I had the opportunity to hear John Allsopp speak today about the future of web design. John is a web evangelist, author, speaker, and teacher of CSS. And, his enthusiasm for the future of the web is contagious.
As I previously wrote, my interest in the web started about 18 years ago, when the web was in it’s infancy. Bad design abounded causing limited access to information and frustration for designers and developers alike.
John took us on a history tour of the web, which sounded a lot like the “we had to walk barefoot uphill – both ways- to school when I was your age” speech a lot of us have heard from our parents as kids. But, in terms of browser capabilities in the 90’s and early ’00’s, that’s certainly how it felt.
Creating functional, good looking sites required lots of graphics that had to be cut and precisely placed to reduce the page loading time. One large graphic might actually be 4 smaller ones. If a link to a graphic was broken, 1/4 of the picture was missing. Animation was limited to GIFs and, really, it was best not to use it at all.
CSS (Cascading Style Sheets) was introduced in 1995 allowing developers to control the look of a site for the whole page instead of element by element.This was a major breakthrough. It’s use expanded with CSS2 in 1998. I started learning CSS2 just before I changed course for parenthood. At the time, I was amazed by what CSS made possible.
After seeing what John demonstrated today, I’m chomping at the bit to learn CSS3. Editable type independent of the user’s computer?!? Wow. GPU generated background gradients?!? Neat. Clean, beautiful animation that adds to the user’s experience?!? Unheard of – until now that is.
Pair CSS3 with HTML5 and the future of the web looks amazing. I’m excited that I no longer have to trudge uphill -both ways- to make great looking websites.
Writing is everywhere – boxes, bottles, billboards, magazines, newspapers, flyers, email, and websites- to name a few places. There’s one commonality between these disparate forms of writing: they use language. How each form uses language differs greatly and each has different expectations from the reader’s point of view.
Writing in newspapers and magazines is informative, educational, and opinionated depending on which section of the paper, or what kind of magazine, you’re reading. We, as readers, expect newspapers and magazines to have high editorial standards and be written clearly. OK, you got me there. I don’t think Us or People consider their editorial standards much, but I digress. Generally, we read these materials at leisure – over coffee in the morning, waiting in a doctor’s office, or riding on public transit.
From other printed ephemera (boxes, bottles, billboards, flyers, etc.) we decidedly expect less. The copy used on them is primarily for persuading – “Buy XYZ because it’s chock full of vitamins and minerals!” (Gee, I didn’t know foot powder needed vitamins and minerals.) The copy on these sources is written for accessibility and generally has a friendlier approach. These materials are typically read in passing – walking down grocery aisles, driving down freeways, grabbing the flyer off the windshield in the parking lot before tossing it in the back seat.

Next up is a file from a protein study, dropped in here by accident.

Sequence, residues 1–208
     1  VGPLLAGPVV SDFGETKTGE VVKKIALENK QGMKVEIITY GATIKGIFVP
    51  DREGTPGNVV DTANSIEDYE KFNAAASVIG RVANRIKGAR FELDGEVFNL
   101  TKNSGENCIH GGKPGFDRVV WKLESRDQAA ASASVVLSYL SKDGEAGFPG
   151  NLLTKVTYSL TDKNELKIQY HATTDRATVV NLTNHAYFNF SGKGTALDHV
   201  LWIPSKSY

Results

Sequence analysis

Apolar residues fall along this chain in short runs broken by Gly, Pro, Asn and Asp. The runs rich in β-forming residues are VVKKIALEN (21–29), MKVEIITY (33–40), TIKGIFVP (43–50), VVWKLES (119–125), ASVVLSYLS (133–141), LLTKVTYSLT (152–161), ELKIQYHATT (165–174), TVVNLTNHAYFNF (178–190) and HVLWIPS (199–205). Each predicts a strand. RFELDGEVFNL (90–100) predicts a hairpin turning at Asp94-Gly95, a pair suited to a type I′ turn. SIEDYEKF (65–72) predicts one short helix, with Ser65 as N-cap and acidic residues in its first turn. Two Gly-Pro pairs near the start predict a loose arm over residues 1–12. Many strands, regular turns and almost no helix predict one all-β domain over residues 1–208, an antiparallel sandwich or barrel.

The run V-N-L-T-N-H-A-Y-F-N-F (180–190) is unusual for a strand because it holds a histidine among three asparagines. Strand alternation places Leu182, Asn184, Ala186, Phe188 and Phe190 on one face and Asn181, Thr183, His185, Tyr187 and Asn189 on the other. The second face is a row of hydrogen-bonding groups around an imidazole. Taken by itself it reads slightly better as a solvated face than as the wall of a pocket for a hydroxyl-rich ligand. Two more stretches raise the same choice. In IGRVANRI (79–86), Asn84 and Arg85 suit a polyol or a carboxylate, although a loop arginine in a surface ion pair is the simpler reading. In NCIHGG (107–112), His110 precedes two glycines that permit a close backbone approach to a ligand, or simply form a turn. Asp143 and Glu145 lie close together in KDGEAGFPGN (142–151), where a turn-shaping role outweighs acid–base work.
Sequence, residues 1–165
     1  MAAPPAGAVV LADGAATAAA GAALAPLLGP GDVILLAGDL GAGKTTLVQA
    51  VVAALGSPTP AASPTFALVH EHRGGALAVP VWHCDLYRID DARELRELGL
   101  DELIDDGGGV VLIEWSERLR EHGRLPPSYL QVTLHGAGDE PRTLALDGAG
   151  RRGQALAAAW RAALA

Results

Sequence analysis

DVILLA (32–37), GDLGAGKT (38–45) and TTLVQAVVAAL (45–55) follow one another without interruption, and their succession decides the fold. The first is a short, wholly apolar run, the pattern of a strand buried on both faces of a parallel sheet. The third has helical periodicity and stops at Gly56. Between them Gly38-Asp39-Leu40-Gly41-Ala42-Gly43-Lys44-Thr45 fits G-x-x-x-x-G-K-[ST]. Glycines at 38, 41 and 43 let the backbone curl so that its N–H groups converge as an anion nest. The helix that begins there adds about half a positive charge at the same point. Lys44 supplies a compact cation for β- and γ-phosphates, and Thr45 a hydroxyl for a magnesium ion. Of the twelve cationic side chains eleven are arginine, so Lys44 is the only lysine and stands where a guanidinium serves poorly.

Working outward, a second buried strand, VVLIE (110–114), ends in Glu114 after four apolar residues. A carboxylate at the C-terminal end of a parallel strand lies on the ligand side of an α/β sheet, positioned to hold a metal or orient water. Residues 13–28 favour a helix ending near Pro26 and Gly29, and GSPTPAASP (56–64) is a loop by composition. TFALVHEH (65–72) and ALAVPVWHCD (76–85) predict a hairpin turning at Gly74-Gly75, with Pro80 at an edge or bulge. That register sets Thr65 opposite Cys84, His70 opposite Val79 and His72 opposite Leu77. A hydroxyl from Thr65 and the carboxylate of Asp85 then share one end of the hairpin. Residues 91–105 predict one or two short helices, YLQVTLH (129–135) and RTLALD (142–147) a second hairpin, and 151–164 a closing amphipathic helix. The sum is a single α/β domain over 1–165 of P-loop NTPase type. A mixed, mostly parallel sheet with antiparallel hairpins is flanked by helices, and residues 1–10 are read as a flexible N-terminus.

Websites, while including all genres of printed material, are read differently. We go to a website for information, to answer a question, to complete a task, and in doing so we expect to access that information or perform that task quickly and easily. Anything that gets in the way of our purpose is, at best, annoying, if not downright frustrating.
Across all these disparate forms of writing is an overarching expectation – good grammar. Reading something that’s well written imparts a sense of confidence in the information. If the writer misuses their, they’re, and there can we really trust him to know what he’s talking about? Likewise, if the writer’s writing lazily and using netspeak are you going to respect his opinion or knowledge?
In exploring writing, I came across a blog post on how to write a good first message for an online dating service. The number one rule was “Be Literate.” Messages that used netspeak, had gross misspellings, or bad grammar (or all three!) didn’t get a a response. I can’t agree more. Well written messages, articles, etc. give confidence to the information and, more importantly, eschew obfuscation. (One of my favorite phrases, because it doesn’t follow it’s advice.)
I was first introduced to the world wide web in 1992 by my brother. I found it fascinating and wonderful and compelling and ugly and awesome. And, it was something very few people knew about. I remember when I lived in Chicago, my brother and I would always point out the URLs we saw in ads, usually on the sides of buses, because they were so rare. That was 1993/1994.
Fast forward a bit, and I had the opportunity to put my fascination to work. I had learned quite a bit about website construction and disliked most of what I saw. (If you’re ever curious about early website “design”, check out the Wayback Machine for some gross examples.) I started creating websites, for pay even, and getting complements on them, which was even better – not that I’m dissing a good pay check, mind you.
What I liked most about my work was making the information accessible. Most people were putting wizzbangs and fugliness on the sites to make them eye-catching, but in turn, rendering them almost useless. My mission was to make clean, simple, useful websites that gave people the information they wanted in the least amount of clicks.
Fast forward again to today and that’s still my goal. However, I’m playing catch-up because I took some time out to be a stay-at-home parent and the technology passed me by. When I went back to work I was mainly working on internal sites for clients where I was not the developer, but the maintenance tech. So, I can’t wait to find out the answers to questions I’ve wondered about, but not found the answers to, like why was <bold> replaced with <strong>. I know it’s standard now, but haven’t discovered the reasoning behind it.